President Donald Trump said Tuesday his administration is open to using the arrest of Huawei chief financial officer Meng Wanzhou as a bargaining chip in ongoing trade negotiations with China.
Asked by Reuters in an interview if he would intervene in the case, Trump said, "Whatever's good for this country, I would do."
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He continued, "If I think it's good for what will be certainly the largest trade deal ever made -- which is a very important thing -- what's good for national security -- I would certainly intervene if I thought it was necessary."
Trump's comments are unlikely to calm growing fury in China amid repeated claims in the country's state-run media that Meng's detention is politically motivated.
"The US and Canada are undoubtedly abusing their justice systems ... Washington should not attempt to use its domestic laws as strategic support for its commercial and diplomatic competition," an editorial in state media tabloid Global Times said Wednesday.
China formally protested to the ambassadors of both Canada and the US over the weekend.
Meng was arrested December 1 in Canada during a layover at Vancouver International Airport at the request of the US government. The United States alleges that Meng helped Huawei get around US sanctions on Iran by telling financial institutions such as HSBC that a Huawei subsidiary, Skycom, was a separate and unaffiliated company.
Meng was released on a $10 million Canadian bail ($7.5 million US), after a judge in Canada granted her request earlier Tuesday. She faces extradition to the United States.
As a condition of her release, Meng has agreed to surrender her passports and live in one of her homes in Vancouver. She will also pay for a round-the-clock security detail and wear a GPS ankle bracelet.
In a statement following her release on Wednesday, Huawei said it hoped the US and Canada could finish Meng's case "fairly and in time."
"As we always highlight, Huawei obeys all laws and regulations in the countries where Huawei conducts business, including laws and regulations about export control and sanctions in UN, the US, and the EU," the statement said.
Xi, Trump yet to speak
Trump's statement signaled that the arrest of the tech giant's CFO in Canada could play a major role as the US and China continue trade talks, which began December 1 with the meeting of the President and his Chinese counterpart, Xi Jinping.
The talks are expected to last 90 days, ahead of a March 1 deadline imposed by the Trump administration, after which they have threatened to introduce tougher tariffs if no deal is reached.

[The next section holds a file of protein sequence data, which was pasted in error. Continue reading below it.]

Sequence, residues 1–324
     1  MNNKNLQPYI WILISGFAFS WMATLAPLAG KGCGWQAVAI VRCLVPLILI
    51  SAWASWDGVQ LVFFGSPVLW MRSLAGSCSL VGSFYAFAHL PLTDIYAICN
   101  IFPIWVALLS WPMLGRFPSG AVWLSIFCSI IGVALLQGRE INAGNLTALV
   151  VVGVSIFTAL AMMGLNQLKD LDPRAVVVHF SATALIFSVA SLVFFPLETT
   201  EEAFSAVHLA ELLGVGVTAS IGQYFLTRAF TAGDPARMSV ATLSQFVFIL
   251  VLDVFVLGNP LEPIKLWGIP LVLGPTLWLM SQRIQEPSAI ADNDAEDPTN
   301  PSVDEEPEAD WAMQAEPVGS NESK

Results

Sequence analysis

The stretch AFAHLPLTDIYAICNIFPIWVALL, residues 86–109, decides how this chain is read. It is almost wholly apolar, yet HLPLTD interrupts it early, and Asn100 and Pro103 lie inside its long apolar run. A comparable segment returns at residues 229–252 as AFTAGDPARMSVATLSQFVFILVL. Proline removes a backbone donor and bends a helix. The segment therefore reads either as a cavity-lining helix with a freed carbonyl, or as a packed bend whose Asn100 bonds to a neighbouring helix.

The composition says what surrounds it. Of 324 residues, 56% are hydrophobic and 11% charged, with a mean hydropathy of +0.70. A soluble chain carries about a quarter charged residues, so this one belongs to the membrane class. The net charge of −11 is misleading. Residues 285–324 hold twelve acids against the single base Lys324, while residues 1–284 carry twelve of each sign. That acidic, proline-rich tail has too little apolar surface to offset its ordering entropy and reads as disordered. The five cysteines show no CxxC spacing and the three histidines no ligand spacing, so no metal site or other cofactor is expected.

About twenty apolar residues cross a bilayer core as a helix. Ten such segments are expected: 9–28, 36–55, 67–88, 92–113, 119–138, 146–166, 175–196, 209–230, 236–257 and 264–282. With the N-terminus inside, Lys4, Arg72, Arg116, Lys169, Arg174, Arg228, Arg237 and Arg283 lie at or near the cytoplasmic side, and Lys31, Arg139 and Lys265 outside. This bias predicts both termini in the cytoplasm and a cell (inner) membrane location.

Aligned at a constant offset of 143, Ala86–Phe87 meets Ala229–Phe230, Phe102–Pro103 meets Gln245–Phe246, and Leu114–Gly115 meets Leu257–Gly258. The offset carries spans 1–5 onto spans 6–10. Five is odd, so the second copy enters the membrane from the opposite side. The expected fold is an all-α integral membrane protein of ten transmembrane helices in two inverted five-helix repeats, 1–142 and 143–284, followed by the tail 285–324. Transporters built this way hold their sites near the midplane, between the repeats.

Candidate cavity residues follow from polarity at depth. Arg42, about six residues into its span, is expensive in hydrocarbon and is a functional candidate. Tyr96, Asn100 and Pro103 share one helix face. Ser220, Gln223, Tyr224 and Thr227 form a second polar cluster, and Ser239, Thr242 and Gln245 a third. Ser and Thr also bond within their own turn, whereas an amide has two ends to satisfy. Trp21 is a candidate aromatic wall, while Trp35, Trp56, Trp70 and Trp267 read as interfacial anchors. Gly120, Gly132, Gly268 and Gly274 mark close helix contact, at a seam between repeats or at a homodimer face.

But Meng's arrest shortly after Trump and Xi's meeting alarmed investors and solidified doubts about the already fragile trade truce between the US and China.
Trump told Reuters he has not yet spoken with Xi about the case. "They have not called me yet. They are talking to my people. But they have not called me yet," he said.
Despite the tensions with Beijing, trade talks appear to have continued without pause.
The President told Reuters that his administration would "probably" have additional in-person meetings with key officials and their Chinese counterparts, noting that negotiations are taking place via telephone, and, if necessary, he would be open to meeting with Xi again. US Trade Representative Robert Lighthizer is leading the US side of the talks.
The US Justice Department has declined to comment to Reuters on the case. Meng faces "serious charges of fraud involving millions of dollars" in the United States, according to the affidavit of a Canadian law enforcement official. She could receive substantial jail time if convicted, the statement said.
Former Canadian diplomat arrested
Trump's suggestion that the executive could be used as a bargaining chip has raised fears for the safety of US and Canadian executives inside of China.
On Tuesday night, news broke that a former Canadian diplomat, Michael Kovrig, had reportedly been detained in China, according to a statement from his current employer, an NGO called the International Crisis Group.
The Crisis Group called for Kovrig's immediate release on Wednesday, claiming he had been taken by Chinese State Security in Beijing. "(We) have received no information about Michael since his detention," the statement said.
While Beijing frequently harasses foreign NGO workers, it is very unusual for one to be detained for more than 24 hours. In a press conference Wednesday, Chinese Foreign Ministry spokesman Lu Kang refused to confirm or deny whether Kovrig had been detained.
Both US and Canadian officials have said they are looking into the reports, with Canadian Prime Minister Justin Trudeau saying his administration is in touch with Chinese officials.
The move comes amid a mounting backlash inside of China. Across the country, companies and business groups have called for workers to boycott US products, including Apple, in favor of local options such as Huawei to show their support.
Some even offered economic incentives to workers if they bought Huawei technology, including 15% subsidies.
On Sunday, the People's Daily, the official mouthpiece for the Chinese Communist Party published an editorial appearing to warn of further repercussions.
"To treat a Chinese citizen like a serious criminal, to roughly trample their basic human rights, and to dishonor their dignity, how is this the method of a civilized country? How can this not make people furious?" said the editorial.
The boycott has echoes of previous protest movements in China which have followed perceived insults to the country.
In 2012, Japanese companies were attacked and at least one person was killed amid mass demonstrations staged throughout China over a territorial dispute with Japan. Similar scenes occurred in 2008, after the French government appeared to lend its support to Tibetan independence advocates.
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